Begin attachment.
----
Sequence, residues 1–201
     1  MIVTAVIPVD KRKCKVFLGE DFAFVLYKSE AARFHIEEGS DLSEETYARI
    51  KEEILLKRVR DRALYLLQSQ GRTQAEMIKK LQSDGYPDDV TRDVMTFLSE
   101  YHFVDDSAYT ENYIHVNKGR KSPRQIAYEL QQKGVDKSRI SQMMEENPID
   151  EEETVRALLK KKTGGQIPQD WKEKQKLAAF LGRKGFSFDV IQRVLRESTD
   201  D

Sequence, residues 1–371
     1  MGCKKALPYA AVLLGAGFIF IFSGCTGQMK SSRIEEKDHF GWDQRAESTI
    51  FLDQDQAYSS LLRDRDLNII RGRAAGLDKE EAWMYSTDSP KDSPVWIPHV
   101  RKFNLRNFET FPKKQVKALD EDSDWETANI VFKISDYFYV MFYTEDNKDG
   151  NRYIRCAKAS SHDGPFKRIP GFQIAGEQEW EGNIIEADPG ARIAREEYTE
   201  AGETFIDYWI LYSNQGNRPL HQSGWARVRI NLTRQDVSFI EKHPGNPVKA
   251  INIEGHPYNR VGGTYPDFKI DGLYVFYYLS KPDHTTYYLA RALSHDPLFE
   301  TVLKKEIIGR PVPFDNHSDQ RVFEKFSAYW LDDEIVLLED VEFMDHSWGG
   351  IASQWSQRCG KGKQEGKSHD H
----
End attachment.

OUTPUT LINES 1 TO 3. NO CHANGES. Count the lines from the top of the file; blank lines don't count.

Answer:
Sequence, residues 1–201
     1  MIVTAVIPVD KRKCKVFLGE DFAFVLYKSE AARFHIEEGS DLSEETYARI
    51  KEEILLKRVR DRALYLLQSQ GRTQAEMIKK LQSDGYPDDV TRDVMTFLSE